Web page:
Lastly, Mahoney, as Harley informs the Bat-Family, had a problematic history at Arkham. His history was covered up prior to the implementation of the Magistrate, but Harley notes how Mahoney had quite the record, often getting reprimanded by Dr. Arkham. This is supported in this issue, as there are two moments where Mahoney requests to use lethal force — first to kill Batman, then to eliminate surrendering members of the Unsanity Collective. He’s clearly a villain, and the skeletons in Mahoney’s closet feel reminiscent of the ways police departments have often hidden or covered up unsavory histories of some of their ranks. Derek Chauvin comes to mind, as he was recently convicted of murder and had eighteen complaints on record throughout his career, but he is far from the only example.
A few issues ago, Mahoney’s background was scrubbed and tailored by a PR team in order to cover up a less-than-perfect image of Gotham’s would-be new hero.
It’s interesting to see Tynion take inspiration from current events, especially with them so prevalent and fresh in the minds of readers. Though this arc may be ending, we’ll see where Tynion takes these ideas in the upcoming Fear State event.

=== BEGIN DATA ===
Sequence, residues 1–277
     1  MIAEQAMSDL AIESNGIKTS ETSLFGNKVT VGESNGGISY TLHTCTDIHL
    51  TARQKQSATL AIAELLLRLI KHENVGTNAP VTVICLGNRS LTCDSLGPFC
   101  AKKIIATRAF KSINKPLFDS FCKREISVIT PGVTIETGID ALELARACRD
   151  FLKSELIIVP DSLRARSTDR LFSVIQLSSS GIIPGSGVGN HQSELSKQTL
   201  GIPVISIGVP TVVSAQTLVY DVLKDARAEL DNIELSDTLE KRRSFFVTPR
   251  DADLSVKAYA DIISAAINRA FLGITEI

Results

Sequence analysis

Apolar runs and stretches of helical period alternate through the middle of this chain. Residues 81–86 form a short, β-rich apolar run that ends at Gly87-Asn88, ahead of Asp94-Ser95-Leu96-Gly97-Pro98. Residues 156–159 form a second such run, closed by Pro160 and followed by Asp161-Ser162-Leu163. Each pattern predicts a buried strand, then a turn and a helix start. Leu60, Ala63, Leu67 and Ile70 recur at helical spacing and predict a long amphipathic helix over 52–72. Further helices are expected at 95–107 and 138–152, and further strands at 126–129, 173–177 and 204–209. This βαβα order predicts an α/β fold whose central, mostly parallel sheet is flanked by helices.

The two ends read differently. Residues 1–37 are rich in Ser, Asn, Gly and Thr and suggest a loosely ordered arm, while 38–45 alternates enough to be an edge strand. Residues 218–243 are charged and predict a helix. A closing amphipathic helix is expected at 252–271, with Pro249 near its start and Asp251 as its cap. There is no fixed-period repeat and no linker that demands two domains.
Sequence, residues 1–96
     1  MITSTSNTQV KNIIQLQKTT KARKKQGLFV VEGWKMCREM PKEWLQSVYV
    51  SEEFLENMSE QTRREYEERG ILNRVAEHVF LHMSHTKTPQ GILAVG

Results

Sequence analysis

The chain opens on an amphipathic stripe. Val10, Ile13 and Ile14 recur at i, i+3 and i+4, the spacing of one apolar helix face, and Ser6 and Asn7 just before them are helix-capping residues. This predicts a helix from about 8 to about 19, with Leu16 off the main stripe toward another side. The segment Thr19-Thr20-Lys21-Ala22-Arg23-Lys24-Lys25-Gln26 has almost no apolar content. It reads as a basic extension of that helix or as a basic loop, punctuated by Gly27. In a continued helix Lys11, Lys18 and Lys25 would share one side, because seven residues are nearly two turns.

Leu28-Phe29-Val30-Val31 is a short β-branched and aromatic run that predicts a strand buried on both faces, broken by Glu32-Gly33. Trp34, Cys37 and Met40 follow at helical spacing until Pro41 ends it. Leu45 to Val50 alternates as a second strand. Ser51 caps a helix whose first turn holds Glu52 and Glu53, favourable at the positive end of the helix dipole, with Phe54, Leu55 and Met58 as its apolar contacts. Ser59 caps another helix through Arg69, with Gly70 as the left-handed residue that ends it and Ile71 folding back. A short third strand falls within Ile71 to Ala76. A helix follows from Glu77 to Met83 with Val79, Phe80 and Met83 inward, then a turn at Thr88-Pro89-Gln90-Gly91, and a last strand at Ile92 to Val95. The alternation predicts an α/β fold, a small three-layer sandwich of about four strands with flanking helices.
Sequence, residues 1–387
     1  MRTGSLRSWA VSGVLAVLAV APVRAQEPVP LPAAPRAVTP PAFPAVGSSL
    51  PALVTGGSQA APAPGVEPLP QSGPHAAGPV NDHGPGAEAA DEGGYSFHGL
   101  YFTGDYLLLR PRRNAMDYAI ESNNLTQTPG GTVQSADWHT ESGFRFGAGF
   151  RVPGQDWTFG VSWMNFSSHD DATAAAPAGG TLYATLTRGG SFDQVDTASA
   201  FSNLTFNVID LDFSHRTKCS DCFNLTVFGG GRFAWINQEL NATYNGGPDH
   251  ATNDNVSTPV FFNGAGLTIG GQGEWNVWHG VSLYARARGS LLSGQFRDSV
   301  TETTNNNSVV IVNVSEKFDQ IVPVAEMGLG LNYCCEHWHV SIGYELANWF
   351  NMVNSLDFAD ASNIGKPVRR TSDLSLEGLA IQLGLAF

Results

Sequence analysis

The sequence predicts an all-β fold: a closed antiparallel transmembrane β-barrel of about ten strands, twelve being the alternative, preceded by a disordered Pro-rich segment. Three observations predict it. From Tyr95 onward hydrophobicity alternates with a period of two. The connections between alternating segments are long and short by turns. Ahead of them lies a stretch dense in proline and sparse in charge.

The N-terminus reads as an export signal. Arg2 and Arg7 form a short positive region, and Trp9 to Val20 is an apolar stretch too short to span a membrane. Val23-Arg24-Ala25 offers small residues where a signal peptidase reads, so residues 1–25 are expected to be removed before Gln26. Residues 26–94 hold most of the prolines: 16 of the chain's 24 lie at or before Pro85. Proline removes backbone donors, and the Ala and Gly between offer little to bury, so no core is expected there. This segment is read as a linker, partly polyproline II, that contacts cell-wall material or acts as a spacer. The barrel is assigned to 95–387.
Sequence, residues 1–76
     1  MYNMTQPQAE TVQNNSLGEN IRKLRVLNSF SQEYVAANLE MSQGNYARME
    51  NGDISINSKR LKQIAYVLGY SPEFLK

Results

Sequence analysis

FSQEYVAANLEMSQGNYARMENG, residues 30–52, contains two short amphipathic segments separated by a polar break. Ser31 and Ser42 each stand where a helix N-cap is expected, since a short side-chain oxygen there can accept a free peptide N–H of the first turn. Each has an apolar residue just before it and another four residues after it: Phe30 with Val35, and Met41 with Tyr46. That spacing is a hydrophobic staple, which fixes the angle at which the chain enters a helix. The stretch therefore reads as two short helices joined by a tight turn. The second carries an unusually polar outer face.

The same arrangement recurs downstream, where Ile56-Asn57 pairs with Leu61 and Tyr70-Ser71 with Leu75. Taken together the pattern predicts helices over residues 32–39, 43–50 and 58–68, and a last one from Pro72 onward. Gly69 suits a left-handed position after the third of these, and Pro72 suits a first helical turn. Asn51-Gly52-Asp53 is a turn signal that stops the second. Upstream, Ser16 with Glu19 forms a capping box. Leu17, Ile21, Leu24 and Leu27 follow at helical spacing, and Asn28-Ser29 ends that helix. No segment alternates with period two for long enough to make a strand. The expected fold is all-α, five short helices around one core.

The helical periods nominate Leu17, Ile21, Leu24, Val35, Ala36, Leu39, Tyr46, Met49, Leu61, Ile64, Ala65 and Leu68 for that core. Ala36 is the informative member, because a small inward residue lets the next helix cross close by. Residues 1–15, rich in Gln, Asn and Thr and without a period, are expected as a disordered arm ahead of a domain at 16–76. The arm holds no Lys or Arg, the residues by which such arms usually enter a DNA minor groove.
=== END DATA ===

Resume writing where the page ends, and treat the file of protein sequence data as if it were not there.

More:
Story #2: “Ghost-Maker Chapter 4” by writer James Tynion IV and artist Ricardo Lopez Ortiz
Synopsis: The backup in Batman #110 sees Ghost-Maker battle Madame Midas’ army of robots on Devil Skull Island. Meanwhile, Instigator, a man turned into an alligator (like Killer Croc), implores Madame Midas to throw everything she has at Ghost-Maker now.
Instigator then relates his tale of his first battle with Ghost-Maker, of how he invited Ghost-Maker to battle and lost. Madame Midas, after some consideration, appears to take Instigator’s words to heart and orders her computer to collapse all-access tunnels down on Ghost-Maker.
Analysis: Much like the last few issues, this backup story features another origin for one of Ghost-Maker’s villains. It’s fun, and the art is cute. If you’ve been enjoying these backups thus far, this might be the best one yet.
The ending of this installment is a cliffhanger, though Ghost-Maker will most likely survive the explosion in the final panel. Duh.
Editor’s Note: DC Comics provided TBU with a copy of this comic for review purposes. You can find this comic digitally and help support TBU in the process by purchasing this issue either through Comixology or Amazon.